December 14, 2012 12:15 pm

Eurozone contraction slows in December

The rate at which eurozone economic activity is contracting eased in December, initial readings from a leading business survey said on Friday, offering hope that the currency union could escape recession and return to low growth late next year.

A “flash” estimate of Markit’s composite eurozone Purchasing Managers’ Index rose to 47.3 – still well inside contraction territory indicated by readings of less than 50, but the highest level it has been in nine months.

An upturn in Germany’s service sector – which pushed Germany’s composite PMI to 50.5 in December, giving it the first positive reading in eight months – was the main positive factor. While the French composite PMI managed a slight improvement to 45, up from 44.3 in November, the survey reported the sharpest fall in new business in France since March 2009.

The mix of signals – other data released on Friday showed annual eurozone inflation falling to 2.2 per cent in November from 2.5 per cent in October but also a 0.2 percentage point drop in employment – comes as the European Central Bank has struck a cautiously optimistic tone and held off from cutting its main interest rate of 0.75 per cent, which is already at a record low.

“We think that our very accommodative monetary policy stance will find its way into the economy in the coming months,” Mario Draghi, president of the ECB, told the Financial Times in an interview this week. “That’s why we’re saying that we may see a recovery in the second part of the year.”

With inflation expected to keep falling and remain within the ECB’s target of close to, but below 2 per cent over the medium term, the central bank may worry about a lack of growth but has no formal need to stimulate it.

“The PMIs show that tough austerity, the short-term impact of structural reforms and difficult financing conditions in the [eurozone] periphery weigh on domestic demand in these countries as well as export prospects elsewhere,” Christian Shulz, economist at Berenberg Bank said in a note.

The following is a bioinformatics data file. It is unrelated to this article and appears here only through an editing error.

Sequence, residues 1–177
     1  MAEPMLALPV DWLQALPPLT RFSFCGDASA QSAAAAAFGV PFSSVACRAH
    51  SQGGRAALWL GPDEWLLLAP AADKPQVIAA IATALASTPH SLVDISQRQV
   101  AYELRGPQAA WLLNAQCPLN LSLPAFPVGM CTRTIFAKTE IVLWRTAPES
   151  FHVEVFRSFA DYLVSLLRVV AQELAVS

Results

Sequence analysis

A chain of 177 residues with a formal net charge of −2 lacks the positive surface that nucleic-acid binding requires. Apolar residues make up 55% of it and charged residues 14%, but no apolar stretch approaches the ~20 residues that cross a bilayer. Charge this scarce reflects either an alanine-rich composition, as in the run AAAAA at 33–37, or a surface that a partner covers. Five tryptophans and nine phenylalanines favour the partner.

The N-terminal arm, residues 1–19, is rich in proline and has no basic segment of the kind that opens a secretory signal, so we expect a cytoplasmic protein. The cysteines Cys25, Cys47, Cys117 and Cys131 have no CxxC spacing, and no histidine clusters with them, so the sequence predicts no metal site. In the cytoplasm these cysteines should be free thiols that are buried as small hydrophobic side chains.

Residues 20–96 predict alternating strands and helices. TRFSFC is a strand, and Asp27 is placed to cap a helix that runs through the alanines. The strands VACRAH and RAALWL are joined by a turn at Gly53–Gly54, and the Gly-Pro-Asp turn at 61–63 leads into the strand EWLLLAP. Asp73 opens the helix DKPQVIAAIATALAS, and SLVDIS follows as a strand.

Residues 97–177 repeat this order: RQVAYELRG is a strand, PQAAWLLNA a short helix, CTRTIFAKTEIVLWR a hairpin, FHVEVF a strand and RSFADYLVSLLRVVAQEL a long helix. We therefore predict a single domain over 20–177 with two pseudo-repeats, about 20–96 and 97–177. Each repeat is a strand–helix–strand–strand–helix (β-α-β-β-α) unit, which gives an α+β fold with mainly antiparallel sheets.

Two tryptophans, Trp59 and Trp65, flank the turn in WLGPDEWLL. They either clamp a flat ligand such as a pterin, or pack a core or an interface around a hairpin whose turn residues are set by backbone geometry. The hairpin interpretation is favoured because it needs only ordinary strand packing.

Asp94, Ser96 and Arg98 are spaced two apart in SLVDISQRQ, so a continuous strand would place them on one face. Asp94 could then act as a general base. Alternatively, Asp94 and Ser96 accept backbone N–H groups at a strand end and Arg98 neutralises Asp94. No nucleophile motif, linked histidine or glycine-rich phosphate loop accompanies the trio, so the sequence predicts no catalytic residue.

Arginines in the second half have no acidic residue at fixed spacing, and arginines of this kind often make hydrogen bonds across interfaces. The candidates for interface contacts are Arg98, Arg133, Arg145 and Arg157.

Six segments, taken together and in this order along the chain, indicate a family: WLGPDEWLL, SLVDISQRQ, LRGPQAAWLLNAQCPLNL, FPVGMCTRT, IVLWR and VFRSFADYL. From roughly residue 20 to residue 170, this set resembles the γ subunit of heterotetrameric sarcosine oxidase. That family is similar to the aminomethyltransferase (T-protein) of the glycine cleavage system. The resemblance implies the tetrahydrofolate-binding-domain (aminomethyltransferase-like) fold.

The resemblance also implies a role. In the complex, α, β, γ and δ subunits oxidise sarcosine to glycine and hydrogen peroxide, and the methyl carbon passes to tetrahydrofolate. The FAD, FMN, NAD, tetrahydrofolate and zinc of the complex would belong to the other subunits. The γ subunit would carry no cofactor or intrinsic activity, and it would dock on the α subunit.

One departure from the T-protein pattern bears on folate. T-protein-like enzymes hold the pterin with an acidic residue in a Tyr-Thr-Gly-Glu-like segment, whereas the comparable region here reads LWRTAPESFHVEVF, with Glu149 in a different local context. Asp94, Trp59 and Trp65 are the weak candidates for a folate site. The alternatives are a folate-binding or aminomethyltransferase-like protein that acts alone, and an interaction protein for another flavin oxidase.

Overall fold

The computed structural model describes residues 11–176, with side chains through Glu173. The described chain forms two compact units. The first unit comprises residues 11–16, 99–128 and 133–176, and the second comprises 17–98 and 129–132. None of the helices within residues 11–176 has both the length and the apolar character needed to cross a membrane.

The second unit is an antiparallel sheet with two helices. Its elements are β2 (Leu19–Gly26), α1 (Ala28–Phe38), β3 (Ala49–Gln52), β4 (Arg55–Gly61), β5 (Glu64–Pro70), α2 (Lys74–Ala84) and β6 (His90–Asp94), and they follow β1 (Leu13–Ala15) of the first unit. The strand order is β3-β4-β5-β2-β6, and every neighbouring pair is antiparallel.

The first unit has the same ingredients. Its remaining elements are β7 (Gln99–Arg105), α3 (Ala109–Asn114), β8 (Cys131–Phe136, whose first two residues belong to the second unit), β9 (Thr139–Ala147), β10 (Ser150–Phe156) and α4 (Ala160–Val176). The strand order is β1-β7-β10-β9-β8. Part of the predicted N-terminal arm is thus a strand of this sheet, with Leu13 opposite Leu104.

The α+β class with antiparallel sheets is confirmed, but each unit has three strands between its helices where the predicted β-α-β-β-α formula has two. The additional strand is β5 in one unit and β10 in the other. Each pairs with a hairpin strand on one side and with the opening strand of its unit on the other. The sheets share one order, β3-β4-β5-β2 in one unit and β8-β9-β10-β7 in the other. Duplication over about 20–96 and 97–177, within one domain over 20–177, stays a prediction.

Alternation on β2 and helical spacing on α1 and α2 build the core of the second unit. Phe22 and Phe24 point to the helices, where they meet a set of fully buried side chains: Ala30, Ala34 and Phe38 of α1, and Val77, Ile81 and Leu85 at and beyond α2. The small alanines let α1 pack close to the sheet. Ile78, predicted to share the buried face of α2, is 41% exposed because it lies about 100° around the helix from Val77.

In his interview, Mr Draghi argued that the structural reforms to boost competitiveness taking place across Europe were beginning to bear fruit, but that austerity also had a role to play in cutting budget deficits.

“Let’s not forget that the reason why fiscal consolidation became central for the policy advice of the ECB is because one can’t have systems built on debt and deficits that the financial crisis has shown to be unsustainable,” he said.

Germany’s Bundesbank joined in the lightly positive tone, tweeting a link to its November monthly report giving an analysis of current account deficits that shows marked improvement in those eurozone countries that have either been bailed out or come close to needing help.

Most forecasters expect eurozone gross domestic product to contract in the fourth quarter, an analysis borne out by the PMI readings.

Chris Williamson, chief economist at Markit, noted that the gradual turnround was being led by Germany – in spite of weakness in its December manufacturing PMI readings – but added: “The rates of decline in France and the rest of the region remain worryingly severe.”

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